NCAA Baseball: Old Ball (2014) vs. New Ball (2015)
College baseball has been fighting a battle with its fans since 1999 when the NCAA decided to shrink the size requirements of the aluminum bat with the BESR (Ball-Exit-Speed Ratio) Standard.
It was an easy decision following the 1997 season where LSU hit 188 Home Runs in 70 games, or about 3 Home Runs per game. PER GAME! That is insane. They hit another 157 Home Runs in 1998 in only 67 games. (2.34 HR per game) It was then that the decision making committee decided something needs to change or pitchers would be obsolete.
But it wasn’t until the 2011 BBCOR standard was implemented that fans really began to notice. The BBCOR bats basically were aluminum bats that produced like wooden bats but with less power. Can you imagine a wooden bat with LESS power?
The change was drastic and probably one of the worse decisions the NCAA has ever made. 2011 became the year of the most boring baseball fans have ever witnessed. As a purist, I love watching low scoring games with an epic battle between two great pitchers and even I was aggravated with the drop-off.
The fans were already hard to find, eliminating the scoring element definitely isn’t a good idea. Maybe the committee misunderstood what the word profit meant when voting on the BBCOR bats. The committee is stubborn and doesn’t plan on doing anything to the bats anytime soon, they claim it is safer now compared to the bats from 1996, so they started doing research on the ball.
After the Washington State University Sport Science lab conducted extensive research, it was concluded that the seams on the ball can be lowered and that would help increase the distance the ball travels anywhere from 20-30 feet further than with the higher seamed balls they used in previous years.
Without getting too scientific, we decided to do our own research using the current NCAA hitting leaders (based on Batting Average) the LSU Tigers. We are going to look at their numbers this season after 25 games compared to the first 25 games of 2014. We decided to go this route for a few reasons but the biggest is that this lineup is mostly the same as it was in 2014 so that would also make comparisons more natural. First, we will go over the pitching differences through 25 games between LSU in 2014 and 2015.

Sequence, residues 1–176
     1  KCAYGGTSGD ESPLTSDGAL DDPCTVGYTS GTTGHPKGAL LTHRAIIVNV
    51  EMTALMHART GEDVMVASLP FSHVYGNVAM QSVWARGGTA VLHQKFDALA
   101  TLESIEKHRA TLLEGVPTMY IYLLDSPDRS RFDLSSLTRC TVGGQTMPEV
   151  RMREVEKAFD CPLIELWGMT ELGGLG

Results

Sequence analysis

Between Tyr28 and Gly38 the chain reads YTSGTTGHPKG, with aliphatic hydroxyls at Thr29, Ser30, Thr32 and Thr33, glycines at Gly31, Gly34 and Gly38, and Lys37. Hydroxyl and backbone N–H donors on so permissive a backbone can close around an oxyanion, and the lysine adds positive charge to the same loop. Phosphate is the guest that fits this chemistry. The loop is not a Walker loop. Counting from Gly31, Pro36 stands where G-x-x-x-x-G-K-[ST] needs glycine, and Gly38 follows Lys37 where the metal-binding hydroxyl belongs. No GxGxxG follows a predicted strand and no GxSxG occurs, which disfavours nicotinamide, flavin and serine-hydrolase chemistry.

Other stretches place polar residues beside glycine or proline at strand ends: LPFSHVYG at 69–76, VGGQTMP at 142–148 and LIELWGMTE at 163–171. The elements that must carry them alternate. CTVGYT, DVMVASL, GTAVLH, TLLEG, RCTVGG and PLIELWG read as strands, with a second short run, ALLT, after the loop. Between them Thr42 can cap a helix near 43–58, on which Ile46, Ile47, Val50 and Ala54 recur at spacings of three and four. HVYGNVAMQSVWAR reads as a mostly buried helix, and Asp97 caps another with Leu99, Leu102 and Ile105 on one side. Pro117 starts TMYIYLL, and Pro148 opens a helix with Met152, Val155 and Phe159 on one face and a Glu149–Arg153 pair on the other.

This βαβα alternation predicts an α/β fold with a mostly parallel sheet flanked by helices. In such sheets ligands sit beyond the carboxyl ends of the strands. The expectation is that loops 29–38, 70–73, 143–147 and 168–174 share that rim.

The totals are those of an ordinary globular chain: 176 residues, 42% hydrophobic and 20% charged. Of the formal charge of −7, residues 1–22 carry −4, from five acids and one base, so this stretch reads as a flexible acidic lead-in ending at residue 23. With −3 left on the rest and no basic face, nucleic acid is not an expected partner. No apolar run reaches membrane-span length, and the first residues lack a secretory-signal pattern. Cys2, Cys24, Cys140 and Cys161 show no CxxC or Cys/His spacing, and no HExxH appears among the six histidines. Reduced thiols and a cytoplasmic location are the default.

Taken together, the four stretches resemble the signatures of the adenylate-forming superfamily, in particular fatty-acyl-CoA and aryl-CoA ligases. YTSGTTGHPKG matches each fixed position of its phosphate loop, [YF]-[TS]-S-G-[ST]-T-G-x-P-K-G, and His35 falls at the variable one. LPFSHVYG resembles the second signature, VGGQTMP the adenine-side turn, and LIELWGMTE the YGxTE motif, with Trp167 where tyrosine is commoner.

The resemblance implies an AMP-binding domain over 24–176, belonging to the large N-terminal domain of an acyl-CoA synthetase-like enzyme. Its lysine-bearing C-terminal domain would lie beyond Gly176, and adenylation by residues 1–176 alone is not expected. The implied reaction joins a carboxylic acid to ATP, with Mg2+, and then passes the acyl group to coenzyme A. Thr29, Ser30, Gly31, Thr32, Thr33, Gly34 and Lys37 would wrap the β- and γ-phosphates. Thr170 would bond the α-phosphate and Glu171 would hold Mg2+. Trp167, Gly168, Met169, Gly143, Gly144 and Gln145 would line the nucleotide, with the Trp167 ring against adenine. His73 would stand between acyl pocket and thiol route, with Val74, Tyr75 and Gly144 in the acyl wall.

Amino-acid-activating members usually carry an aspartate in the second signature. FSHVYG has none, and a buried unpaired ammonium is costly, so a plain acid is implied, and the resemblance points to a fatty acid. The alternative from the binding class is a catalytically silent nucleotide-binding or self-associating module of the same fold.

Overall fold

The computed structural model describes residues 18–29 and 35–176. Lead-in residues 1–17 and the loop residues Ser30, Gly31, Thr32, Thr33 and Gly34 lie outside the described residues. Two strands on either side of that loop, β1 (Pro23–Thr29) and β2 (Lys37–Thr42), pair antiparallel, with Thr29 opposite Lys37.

|Earned Run Average
Hits Allowed Per 9 Innings Pitched
Strikeouts Per 9 Innings Pitched
Walks Allowed Per 9 Innings Pitched
As we originally thought, pitching was going to take a hit from the new baseballs, not just because of the increased hitting but also because of the way the pitchers hold the ball.
The tighter seams, which are less raised than last season’s ball, affect the spin on a pitchers breaking ball. This in itself seems to have increased the hitting production in college baseball. The pitchers aren’t complaining yet, but it is early. The numbers here prove that the new ball isn’t just increasing the offense, it is decreasing the pitching to make the overall game more balanced.
Doubles per Game
Triples per Game
Home Runs per Game
Runs per Game
Stolen Bases per Game
There you go folks! The proof that, as of now, the new balls are helping the game of college baseball. The sacrifice numbers are down mainly because the small ball game is not needed as much anymore. Players are getting around on the ball and are scoring more runs more frequently where a sacrifice bunt just is not something a coach is going to call as much in 2015.
Other Interesting Stats
|Record After 25 Games
Games Under 4 Runs Scored
Games Over 4 Runs Scored
|Games with Double Digit Scoring
Wins by Double Digits
Games with Double Digit Hits
It is early, this is true. No research can be complete after just 25 games and only after looking at just one team’s numbers, but the signs are pointing in the right direction. The new ball isn’t changing the game back to the old days where LSU hit 188 Home Runs in 1997, but it is helping the scoring increase.
A good stat line that most people are going to obsess over is going to be the sexy Home Run numbers. In 2014, LSU finished the season with 41 Home Runs. Kade Scivicque and Sean McMullen tied for the team lead with 7 Home Runs each. After just 25 games this season, Alex Bregman already has 6 homers and will easily, if he stays healthy and plays the rest of the season, hit 15-20 for the year.
Not only is the new ball doing what it was intended to do, it is making the game fun again. Anything can happen at anytime again. A player can show up in the bottom of the 9th and hit a long one back to Annapolis to either tie or win the game. The fun is back and you can thank the NCAA Committee this time. Maybe the next thing they can do is bring the fences in 20 feet and we can really start to have some fun.